Karen Shaw interviews Larry Lamb

Larry Lamb

A Wolf in Sheep’s Clothing

By Karen Shaw

If you were filming a drama about the complex nature of relationships, you could do worse than make one about Larry Lamb’s life.

At the age of 66, the actor best known for ‘Eastenders’ and ‘Gavin and Stacey’ has been married three times and is on his fifth serious relationship.

Since being a teenager I’ve always had a soft spot for Larry and I was looking forward to talking to him about his latest venture in ITV’s ‘Love and Marriage’ where he played Tommy alongside Celia Imrie.

It’s a miserable day, the rain is pounding down, the wind is blowing and the sky continues todarken, but Larry Lamb isn’t perturbed. He’s wearing shorts and has been since the beginning of February.

He looks handsome, enigmatic, his voice is sexy, his eyes are like pools of chocolate so with a quivering voice I ask my first question: “So Larry, ‘‘Love and Marriage’ as in the words of Frank Sinatra, does it go together like  a horse and carriage’?”

And that’s when I discover there’s nothing meek or mild about this Lamb. Today he’s angry, very angry…

“Well, it doesn’t really matter any more because they’ve dumped it,” he answers.

“We’re talking about something that’s dead, so I don’t really have anything to say other than I’m totally despondent, and really feel deceived, and I’m sick of it.”

Ouch! Not the response I was looking for, so tentatively I ask him to elaborate.

“They dumped it,” he replies. “There won’t be a second series, they didn’t get the right viewing figures, and it makes no sense. We all signed a contract, saying that we agreed to do it for three years.

The actors and crew  worked their hearts out, working unbelievably long hours. All their efforts count for nothing. They don’t get the figures, so they just dump it!”

Now for those of you who missed this great series recently televised, it was a heart-warming comedy drama that followed the trials and tribulations of three generations of the Paradise family, with an all-star cast headed  up by the inimitable Alison Steadman.

Larry blames ITV for not promoting it enough. “They’re looking for an overnight hit. It doesn’t happen like that!

“Everybody is really upset. Top actors, brilliant script, brilliant editing, brilliant directing, the whole thing was absolutely brilliant. They’ll try something else out, because somebody, somewhere, who’s got the say-so, who’s  got the power, has decided no, we’re not doing that. That’s it. End of story. Nothing else you can do. It’s a corporate decision and that’s what it’s all about.”

With an acting career spanning over 35 years, Larry believes that the face of television has changed dramatically and blames former Prime Minister Margaret Thatcher.LarryLamb2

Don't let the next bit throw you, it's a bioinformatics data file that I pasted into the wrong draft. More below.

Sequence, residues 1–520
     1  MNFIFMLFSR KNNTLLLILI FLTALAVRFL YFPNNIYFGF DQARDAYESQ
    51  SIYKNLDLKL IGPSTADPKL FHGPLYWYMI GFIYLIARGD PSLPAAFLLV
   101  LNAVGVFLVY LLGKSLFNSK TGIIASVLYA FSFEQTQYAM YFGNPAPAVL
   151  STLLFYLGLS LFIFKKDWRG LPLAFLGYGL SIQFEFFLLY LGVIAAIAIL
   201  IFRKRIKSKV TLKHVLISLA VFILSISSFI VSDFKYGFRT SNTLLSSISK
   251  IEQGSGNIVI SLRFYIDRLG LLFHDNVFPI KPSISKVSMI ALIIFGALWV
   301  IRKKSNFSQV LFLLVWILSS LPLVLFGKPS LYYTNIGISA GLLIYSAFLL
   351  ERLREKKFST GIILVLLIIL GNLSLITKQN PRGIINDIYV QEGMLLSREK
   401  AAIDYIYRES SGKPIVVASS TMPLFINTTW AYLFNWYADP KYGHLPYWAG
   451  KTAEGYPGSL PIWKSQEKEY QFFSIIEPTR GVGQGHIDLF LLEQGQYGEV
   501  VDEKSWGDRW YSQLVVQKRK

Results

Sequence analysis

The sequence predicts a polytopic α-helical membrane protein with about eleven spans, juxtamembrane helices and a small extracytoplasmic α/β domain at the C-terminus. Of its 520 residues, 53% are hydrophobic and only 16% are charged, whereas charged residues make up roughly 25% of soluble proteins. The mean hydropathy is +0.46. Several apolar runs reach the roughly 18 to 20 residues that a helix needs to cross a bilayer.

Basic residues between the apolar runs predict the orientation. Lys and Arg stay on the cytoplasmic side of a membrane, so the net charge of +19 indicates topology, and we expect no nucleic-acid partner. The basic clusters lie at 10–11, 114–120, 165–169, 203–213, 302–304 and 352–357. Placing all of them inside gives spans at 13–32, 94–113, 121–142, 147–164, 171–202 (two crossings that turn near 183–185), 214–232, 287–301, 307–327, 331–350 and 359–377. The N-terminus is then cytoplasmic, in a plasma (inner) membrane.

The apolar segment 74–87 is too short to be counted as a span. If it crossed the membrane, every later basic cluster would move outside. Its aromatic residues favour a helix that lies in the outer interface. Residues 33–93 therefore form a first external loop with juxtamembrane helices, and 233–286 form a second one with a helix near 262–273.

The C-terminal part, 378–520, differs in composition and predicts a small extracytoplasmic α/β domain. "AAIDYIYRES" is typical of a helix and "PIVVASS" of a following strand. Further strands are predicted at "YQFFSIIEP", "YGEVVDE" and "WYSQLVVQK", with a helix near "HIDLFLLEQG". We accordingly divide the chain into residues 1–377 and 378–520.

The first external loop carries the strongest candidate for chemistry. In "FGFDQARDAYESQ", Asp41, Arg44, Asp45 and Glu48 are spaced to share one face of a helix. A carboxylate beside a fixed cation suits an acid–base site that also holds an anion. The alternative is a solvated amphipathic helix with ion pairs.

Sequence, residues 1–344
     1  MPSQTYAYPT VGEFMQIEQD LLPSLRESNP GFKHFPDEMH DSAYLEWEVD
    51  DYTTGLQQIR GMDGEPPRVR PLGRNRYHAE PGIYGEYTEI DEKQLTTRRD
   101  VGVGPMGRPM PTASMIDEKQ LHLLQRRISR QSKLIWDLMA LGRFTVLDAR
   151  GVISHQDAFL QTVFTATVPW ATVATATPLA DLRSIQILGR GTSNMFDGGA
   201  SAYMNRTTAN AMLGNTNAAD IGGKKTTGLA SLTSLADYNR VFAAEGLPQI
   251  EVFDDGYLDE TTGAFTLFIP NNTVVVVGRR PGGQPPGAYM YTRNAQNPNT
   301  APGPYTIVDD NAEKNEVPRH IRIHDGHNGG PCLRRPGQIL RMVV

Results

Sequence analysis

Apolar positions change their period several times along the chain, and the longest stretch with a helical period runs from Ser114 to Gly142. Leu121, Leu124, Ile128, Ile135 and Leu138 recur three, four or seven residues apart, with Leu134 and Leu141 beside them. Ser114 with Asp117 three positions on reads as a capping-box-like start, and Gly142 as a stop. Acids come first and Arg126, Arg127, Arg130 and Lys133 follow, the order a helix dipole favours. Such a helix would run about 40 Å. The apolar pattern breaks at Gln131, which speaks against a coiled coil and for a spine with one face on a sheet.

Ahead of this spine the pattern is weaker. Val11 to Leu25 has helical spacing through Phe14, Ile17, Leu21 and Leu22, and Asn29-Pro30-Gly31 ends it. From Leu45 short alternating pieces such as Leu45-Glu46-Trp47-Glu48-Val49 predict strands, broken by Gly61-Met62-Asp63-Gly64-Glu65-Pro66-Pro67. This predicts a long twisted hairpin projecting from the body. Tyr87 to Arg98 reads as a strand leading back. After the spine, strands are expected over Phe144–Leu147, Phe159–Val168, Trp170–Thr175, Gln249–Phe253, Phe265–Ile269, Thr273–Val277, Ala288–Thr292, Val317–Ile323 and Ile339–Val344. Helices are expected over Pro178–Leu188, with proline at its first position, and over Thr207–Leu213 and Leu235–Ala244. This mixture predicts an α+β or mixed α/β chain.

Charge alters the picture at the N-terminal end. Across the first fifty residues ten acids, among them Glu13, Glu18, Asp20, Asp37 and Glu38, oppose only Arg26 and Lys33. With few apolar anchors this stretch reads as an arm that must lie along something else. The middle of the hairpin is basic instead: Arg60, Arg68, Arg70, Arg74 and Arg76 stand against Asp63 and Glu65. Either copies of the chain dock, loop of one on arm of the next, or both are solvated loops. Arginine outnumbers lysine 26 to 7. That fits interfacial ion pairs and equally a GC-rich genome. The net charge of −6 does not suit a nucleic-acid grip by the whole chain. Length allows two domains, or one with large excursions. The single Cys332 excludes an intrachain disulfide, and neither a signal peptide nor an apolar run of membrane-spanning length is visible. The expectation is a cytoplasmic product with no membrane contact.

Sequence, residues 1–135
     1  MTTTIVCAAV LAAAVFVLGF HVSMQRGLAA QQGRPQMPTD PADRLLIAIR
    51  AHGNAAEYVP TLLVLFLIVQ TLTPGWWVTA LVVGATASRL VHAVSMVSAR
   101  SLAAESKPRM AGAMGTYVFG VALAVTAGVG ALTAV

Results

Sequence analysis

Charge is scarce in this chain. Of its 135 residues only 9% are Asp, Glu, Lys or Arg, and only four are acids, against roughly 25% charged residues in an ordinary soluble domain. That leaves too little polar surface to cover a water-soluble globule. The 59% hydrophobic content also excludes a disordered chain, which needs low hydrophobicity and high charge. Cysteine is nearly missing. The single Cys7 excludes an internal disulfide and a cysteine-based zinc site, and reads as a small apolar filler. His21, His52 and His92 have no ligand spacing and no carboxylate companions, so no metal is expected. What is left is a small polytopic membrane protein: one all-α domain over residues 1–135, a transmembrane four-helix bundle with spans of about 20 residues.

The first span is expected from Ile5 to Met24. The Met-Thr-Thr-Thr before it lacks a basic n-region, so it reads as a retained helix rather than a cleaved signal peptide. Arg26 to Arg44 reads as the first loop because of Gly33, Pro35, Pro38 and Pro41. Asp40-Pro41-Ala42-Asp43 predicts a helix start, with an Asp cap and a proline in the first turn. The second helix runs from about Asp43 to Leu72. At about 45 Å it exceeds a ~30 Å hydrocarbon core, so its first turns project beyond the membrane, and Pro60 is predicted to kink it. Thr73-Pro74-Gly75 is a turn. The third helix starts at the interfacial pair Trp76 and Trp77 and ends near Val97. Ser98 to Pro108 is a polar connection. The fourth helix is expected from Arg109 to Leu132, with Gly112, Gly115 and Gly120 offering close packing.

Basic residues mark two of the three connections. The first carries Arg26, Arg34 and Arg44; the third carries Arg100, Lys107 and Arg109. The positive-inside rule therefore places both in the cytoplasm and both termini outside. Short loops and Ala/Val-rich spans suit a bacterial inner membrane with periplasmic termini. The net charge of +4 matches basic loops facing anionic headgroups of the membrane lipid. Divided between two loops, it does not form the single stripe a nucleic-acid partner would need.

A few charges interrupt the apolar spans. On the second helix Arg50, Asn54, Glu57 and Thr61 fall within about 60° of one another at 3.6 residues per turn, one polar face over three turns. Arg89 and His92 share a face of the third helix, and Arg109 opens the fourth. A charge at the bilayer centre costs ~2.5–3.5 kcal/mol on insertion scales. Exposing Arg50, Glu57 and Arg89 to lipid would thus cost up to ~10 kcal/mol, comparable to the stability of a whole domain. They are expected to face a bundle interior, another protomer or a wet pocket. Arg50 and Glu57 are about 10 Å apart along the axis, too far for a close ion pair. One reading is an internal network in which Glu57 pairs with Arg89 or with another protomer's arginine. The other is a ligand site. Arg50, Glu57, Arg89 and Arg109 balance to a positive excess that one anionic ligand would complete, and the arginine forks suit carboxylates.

“That devil woman Margaret Thatcher privatised everything,” he rants. “We’re living in the hell that she’s created, now with all the young people that she educated. She’s busted society up! Back in the old days, there was an element of artistic integrity in television. It’s only because we’ve got the BBC that there’s even one last vestige of it!”

Many will be familiar with Larry playing the east-end villain Archie Mitchell in Eastenders, and for a moment whilst he vents his spleen, it’s easy to see why he played the role so well. Deciding on a different tact I decide to  ask him what the future now has in store for him…

Larry Lamb“I’m old enough not to worry too much about it because I’ll just do other bits and pieces. I’ve got a radio show and I do things for The One Show, there’s all sorts going on.”Despite being a Londoner born and bred, Larry  loves the North of England. “I like all those Northern towns. I just like being in among people, from those provincial areas, because the character is so different to the South. I really enjoy it.”

He cheers up immensely when I tell him I’m a Yorkshire lass born and bred in Haworth.

You’re from Haworth?” he questions. “I was there a few weeks ago, in search of the Bronte sisters on a literary walk for ITV. I love  it. I love Haworth. I stayed at the Old Rectory at the bottom of the Main Street.

“If you’re going by, go say hello from me. The people there were lovely, they really looked after me and the food was fantastic. A young couple, absolutely lovely they were. I had a great time.”

So despite Larry beginning the interview in a rather despondent manner, the dynamics have changed and I start feeling relatively comfortable talking to him. In closing I ask if he will be financially reimbursed for the inconvenience of losing a second series of ‘Love and Marriage.’

“If you really like acting, you might as well stay in it, but trying to earn a living as an actor is the problem. If a TV series is dropped they don’t pay you one penny! That’s the life of an actor, sweetheart.”

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